As I shared earlier in the year, we did some research on nonprofit communications teams structures as part of our annual Trends Report. I’m also looking at how comms teams are treated within the different organizational cultures of nonprofits.

I’ve found a restaurant analogy to be helpful when talking about the some of the key differences.

The Comms Team as Drive-Thru Window

Some comms teams, especially those structured as internal agencies, are like drive-thru windows. They take an order from the development or program departments or executive director. As quickly as possible, they produce the work product. They do their best to ensure some consistency (i.e. following the brand guidelines).

But they aren’t involved in creating the menu or the individual recipes. Those strategic decisions are made by others or simply absent. It’s all about churning out the work.

The Comms Team as a Reservations-Only Nice Place

At the other end of the spectrum, you have the places that are harder to get into and that usually require a reservation. In other words, you have to get in touch well in advance of when you want the work product. When you get there, you discuss the menu with the servers, and you jointly come to an agreement about the best approach to your meal, working out the different courses. This is like putting together a creative brief and setting up a work flow with drafts and deadlines.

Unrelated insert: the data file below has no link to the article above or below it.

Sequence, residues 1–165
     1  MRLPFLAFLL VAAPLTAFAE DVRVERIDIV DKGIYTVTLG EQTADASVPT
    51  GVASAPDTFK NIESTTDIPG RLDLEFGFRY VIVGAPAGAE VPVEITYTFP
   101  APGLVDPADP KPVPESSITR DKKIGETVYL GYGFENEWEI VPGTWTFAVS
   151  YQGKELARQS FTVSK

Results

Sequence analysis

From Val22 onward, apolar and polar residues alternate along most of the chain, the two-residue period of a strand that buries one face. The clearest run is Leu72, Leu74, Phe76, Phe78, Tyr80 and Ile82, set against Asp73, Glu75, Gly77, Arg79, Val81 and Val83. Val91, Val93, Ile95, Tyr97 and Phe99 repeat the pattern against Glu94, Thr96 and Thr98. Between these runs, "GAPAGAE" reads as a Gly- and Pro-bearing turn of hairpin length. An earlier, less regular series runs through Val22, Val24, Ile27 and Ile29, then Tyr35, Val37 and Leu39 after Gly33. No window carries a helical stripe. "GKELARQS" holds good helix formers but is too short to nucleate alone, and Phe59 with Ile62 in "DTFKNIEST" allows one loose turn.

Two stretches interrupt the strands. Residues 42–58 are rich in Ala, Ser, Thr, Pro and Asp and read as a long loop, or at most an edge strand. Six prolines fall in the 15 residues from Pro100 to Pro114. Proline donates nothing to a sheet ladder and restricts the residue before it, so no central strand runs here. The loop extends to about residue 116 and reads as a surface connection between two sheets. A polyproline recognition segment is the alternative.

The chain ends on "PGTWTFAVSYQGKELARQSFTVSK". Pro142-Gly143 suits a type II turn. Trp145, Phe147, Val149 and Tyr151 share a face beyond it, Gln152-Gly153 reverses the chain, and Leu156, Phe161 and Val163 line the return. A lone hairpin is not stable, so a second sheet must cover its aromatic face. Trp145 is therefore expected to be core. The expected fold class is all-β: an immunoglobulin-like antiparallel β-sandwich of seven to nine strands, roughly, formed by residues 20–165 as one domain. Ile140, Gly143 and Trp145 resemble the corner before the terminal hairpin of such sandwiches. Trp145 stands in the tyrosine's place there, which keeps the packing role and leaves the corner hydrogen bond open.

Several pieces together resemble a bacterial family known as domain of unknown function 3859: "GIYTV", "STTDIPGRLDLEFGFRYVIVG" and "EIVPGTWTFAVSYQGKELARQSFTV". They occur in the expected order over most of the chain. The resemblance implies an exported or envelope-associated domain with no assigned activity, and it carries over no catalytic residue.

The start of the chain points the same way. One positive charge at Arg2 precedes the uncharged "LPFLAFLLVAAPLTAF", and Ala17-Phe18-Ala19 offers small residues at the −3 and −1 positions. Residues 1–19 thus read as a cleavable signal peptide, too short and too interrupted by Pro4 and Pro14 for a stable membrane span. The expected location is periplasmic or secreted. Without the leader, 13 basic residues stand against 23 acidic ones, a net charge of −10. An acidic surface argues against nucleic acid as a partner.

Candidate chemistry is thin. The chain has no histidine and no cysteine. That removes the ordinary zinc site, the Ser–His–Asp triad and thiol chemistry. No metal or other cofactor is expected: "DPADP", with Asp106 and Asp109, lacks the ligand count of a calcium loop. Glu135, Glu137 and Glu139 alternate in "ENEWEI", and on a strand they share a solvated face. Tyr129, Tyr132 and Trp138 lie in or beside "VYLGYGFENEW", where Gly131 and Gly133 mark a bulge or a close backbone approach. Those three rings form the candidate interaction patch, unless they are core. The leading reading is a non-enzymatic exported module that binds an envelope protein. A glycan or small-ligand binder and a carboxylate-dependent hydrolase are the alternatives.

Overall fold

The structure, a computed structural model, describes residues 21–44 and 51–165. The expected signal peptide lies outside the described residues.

This is the approach used in some larger nonprofits with highly centralized communications departments. But it’s also the approach in many smaller or understaffed communications departments that are nevertheless strategic about how they use their limited communications resources.

The Comms Team as a Fast Casual Restaurant

Let’s describe the middle ground between Drive-Thru and Reservations Only as Fast Casual.  You can get the food — and comms work products — relatively quickly, but you are still discussing what you want with the staff. If you have a big project, you talk about it in advance, just like you’d make a reservation for a big group at a fast casual place. But when it’s busy, you know you have to get in line and wait your turn.

The Comms Team as Food Truck

Here’s one more model for you: In some nonprofits, the comms teams are quite agile and rather autonomous or independent. They are able to switch up what they are working on quickly and move where they are most needed, while still producing a high-quality product.  But their focus is often quite narrow, just like a food truck menu.

What do you think? Which restaurant style represents the culture of communications work at your nonprofit?